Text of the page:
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Controversial trial of Myanmar opposition leader nears end

YANGON, Myanmar - Myanmar's military government said Thursday that its trial of Aung San Suu Kyi would have no political impact, though many have criticized the proceedings as a ploy to sideline the pro-democracy leader during elections scheduled for 2010.

YANGON, Myanmar - Myanmar's military government said Thursday that its trial of Aung San Suu Kyi would have no political impact, though many have criticized the proceedings as a ploy to sideline the pro-democracy leader during elections scheduled for 2010.

The highly popular Suu Kyi, whom the regime has sought to remove from the political arena through years of detention, is on trial for violating the terms of her house arrest after an American man swam to and sneaked into her lakeside home.

A Foreign Ministry statement, carried in state-owned newspapers, said the trial was strictly related to the rule of law and "will not have any political impact."

"The government, therefore, will hold multiparty general elections, fifth step of the Road Map, in 2010," the statement said, referring to the junta's "road map to democracy," which critics say will merely extend the military's decades-long rule under the guise of democracy.

The only witness the defense was allowed to call - the court rejected the others - appeared Thursday. The trial was then adjourned until Monday when closing arguments will be heard.

As the trial proceeded inside Yangon's Insein prison, an unidentified man was arrested nearby after he shouted for Suu Kyi's release and unveiled a poster with her photograph, according to eyewitnesses. No other details were immediately available.

If convicted, the 63-year-old Suu Kyi could be sentenced to five years in prison. Myanmar's courts operate under the influence of the military and usually deal harshly with political dissidents.

John W. Yettaw, the American whose uninvited visit to Suu Kyi's home triggered the case against her, testified Wednesday that he was "sent by God" to make his nighttime swim to her compound earlier this month, according to Nyan Win.

The regime's critics charge that the case against the Nobel Peace laureate - who has been in detention without trial for more than 13 of the past 19 years - was concocted to keep her detained during elections the government has planned for next year. She pleaded not guilty Friday.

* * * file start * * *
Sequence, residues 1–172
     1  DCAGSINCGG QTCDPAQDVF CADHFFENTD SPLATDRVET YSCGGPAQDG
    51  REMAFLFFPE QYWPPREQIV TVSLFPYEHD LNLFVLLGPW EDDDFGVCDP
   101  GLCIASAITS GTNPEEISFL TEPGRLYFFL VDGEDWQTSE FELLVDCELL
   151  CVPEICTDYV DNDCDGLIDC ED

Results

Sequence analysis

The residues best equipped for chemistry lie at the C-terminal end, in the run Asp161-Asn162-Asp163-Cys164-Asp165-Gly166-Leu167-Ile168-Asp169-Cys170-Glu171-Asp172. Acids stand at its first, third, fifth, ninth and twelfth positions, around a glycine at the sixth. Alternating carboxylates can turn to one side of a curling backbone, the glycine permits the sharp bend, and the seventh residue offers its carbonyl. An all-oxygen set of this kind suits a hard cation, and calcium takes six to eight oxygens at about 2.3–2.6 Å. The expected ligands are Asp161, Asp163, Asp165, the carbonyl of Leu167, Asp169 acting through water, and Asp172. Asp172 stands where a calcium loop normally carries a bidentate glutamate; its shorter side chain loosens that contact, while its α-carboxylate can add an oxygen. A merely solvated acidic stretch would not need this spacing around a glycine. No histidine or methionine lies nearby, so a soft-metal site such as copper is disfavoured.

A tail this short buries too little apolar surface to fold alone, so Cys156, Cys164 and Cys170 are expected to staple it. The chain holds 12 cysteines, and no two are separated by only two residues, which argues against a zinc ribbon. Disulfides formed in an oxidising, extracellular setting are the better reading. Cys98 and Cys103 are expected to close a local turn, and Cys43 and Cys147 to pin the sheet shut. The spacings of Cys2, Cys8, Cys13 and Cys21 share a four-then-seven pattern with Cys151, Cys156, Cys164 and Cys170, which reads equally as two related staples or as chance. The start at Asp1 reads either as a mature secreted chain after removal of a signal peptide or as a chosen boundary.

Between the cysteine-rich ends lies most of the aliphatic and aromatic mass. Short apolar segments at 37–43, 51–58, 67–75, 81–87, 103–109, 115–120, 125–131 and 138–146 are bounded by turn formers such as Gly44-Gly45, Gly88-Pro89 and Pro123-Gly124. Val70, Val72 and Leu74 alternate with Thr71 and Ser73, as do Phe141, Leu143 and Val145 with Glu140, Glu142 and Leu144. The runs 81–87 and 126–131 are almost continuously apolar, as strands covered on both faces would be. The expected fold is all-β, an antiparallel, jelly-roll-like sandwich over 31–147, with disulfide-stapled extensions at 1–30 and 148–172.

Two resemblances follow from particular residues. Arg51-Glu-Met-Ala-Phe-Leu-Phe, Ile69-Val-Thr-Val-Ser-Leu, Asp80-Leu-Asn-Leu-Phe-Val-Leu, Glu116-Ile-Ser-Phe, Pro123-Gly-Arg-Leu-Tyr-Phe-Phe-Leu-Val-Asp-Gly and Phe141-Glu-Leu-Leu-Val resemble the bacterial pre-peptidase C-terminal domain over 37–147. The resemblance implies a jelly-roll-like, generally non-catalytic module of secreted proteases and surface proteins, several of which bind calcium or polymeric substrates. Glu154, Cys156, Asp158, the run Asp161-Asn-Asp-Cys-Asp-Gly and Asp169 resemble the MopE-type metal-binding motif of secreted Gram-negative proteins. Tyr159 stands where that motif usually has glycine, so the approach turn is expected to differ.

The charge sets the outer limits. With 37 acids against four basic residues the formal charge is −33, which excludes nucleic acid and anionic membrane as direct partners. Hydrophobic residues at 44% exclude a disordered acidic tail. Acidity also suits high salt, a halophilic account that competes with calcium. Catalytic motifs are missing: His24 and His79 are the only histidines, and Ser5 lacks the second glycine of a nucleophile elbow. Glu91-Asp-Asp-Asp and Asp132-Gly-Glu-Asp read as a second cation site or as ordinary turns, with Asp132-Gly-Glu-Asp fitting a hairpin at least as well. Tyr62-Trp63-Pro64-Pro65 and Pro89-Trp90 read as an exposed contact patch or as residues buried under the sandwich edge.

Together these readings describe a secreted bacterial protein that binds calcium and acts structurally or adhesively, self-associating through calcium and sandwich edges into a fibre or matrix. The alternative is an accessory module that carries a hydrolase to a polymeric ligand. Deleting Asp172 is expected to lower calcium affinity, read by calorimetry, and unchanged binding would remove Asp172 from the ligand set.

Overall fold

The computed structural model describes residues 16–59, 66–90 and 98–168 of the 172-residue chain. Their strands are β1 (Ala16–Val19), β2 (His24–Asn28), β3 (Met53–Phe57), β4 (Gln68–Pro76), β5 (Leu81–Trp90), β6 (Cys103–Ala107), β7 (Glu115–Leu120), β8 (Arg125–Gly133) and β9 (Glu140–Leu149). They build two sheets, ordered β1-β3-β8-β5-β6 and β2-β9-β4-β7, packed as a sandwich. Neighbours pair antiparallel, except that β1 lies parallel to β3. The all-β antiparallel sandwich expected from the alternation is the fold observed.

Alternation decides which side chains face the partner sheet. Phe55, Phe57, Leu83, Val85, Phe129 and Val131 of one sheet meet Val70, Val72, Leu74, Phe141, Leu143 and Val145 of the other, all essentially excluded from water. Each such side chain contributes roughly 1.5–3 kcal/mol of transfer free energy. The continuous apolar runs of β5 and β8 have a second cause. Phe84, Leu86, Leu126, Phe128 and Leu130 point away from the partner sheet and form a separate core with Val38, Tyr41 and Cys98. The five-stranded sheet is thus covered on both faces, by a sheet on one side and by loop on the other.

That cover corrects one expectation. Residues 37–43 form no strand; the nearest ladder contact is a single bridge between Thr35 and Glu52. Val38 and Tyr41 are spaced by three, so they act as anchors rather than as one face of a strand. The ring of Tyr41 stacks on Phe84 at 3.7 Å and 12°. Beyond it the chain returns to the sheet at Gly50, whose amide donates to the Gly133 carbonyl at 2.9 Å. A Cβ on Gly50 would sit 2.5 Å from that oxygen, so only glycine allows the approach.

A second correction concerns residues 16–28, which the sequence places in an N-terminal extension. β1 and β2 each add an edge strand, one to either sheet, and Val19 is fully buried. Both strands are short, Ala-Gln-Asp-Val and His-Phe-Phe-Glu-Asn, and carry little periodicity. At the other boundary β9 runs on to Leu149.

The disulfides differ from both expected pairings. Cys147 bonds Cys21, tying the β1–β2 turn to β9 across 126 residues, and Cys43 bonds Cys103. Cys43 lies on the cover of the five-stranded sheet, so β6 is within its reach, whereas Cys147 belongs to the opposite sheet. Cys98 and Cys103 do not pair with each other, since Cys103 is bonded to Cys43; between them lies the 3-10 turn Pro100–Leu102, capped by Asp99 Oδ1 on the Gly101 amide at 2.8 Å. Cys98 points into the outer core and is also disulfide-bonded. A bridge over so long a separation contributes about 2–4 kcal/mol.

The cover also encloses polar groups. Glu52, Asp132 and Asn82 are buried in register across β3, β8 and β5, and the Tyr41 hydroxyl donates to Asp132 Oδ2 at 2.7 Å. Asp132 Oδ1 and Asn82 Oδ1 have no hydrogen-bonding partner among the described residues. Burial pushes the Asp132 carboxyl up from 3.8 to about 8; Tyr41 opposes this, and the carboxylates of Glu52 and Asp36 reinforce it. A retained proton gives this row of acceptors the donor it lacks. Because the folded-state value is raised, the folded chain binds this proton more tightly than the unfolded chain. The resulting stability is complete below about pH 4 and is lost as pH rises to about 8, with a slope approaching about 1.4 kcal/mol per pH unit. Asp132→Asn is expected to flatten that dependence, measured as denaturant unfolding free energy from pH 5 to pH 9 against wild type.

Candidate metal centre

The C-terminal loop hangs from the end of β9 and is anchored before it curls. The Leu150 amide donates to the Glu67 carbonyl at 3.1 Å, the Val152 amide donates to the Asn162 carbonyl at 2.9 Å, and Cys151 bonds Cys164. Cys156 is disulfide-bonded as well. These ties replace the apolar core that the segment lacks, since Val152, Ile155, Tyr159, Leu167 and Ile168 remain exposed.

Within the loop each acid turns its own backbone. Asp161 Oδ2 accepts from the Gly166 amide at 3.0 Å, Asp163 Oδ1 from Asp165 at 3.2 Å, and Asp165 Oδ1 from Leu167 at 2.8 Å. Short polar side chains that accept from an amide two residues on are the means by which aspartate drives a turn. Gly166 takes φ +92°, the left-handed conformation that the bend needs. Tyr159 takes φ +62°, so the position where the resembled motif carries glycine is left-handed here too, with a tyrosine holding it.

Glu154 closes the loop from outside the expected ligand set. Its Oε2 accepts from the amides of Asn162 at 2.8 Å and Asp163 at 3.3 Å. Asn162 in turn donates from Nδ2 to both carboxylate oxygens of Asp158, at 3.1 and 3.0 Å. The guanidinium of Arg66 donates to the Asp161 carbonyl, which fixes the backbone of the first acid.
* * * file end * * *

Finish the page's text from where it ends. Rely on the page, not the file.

Suu Kyi's defense lawyers argue that her harboring Yettaw did not constitute a violation of her house arrest and that it was the duty of government guards outside her property to prevent any intrusions.

Appearing as defense witness Thursday was Kyi Win, a member of Suu Kyi's National League for Democracy party who was briefly arrested after the bloody 1988 pro-democracy uprising and two years later won a parliamentary seat in elections the regime has never recognized.

Nyan Win, one of Suu Kyi's lawyers, said that rejected defense witnesses were another lawyer and two senior members of Suu Kyi's party.

The court said legal procedure allows it to reject witnesses who are proposed "for the purpose of vexation or delay or for defeating the ends of justice."

Nyan Win told reporters it was unfair and inappropriate to reject witnesses in such an important case. He said the court had approved 23 prosecution witnesses, of whom 14 took the stand.

Two female party members who live with Suu Kyi, and the 53-year-old Yettaw, face the same charge as Suu Kyi and have also pleaded not guilty.

During three hours of prosecution questioning on Wednesday, Yettaw, of Falcon, Missouri, spoke repeatedly of his plan to warn Suu Kyi of his premonition that she would be killed, said Nyan Win, who added that he said he had been sent by God.

Yettaw, who also secretly visited the house late last year without meeting Suu Kyi, said he visited because "in his vision, Daw Aung San Suu Kyi would be assassinated by terrorists and the terrorists would put the blame on the government. So he came to warn both the government and Daw Aung San Suu Kyi," according to Nyan Win. "Daw" is a term of respect used for older women.

Many of Suu Kyi's supporters have criticized Yettaw as a fool or dupe for getting her into trouble.

Nyan Win said the defense had nothing to ask the man.

Suu Kyi acknowledges that she allowed him to stay for two days after he swam across a lake to enter her house and then said he was too tired and ill to leave immediately.

In a statement submitted to the court Tuesday, Suu Kyi said she intended to report the visit through her doctor, Tin Myo Win, one of the few outside people allowed to see her. But after the intrusion, Tin Myo Win was not allowed into her house and was later held by authorities for more than a week. He has not appeared at the trial.

Yettaw testified that security personnel observed him during both his visits to Suu Kyi's house, said Nyan Win. But in neither case did they try to stop him.

The trial has sparked intense criticism worldwide of Myanmar's military regime, even among the country's Asian neighbours that normally refrain from commenting on its internal affairs.

Myanmar has been under military rule since 1962, even though Suu Kyi's party won the 1990 general election.

 
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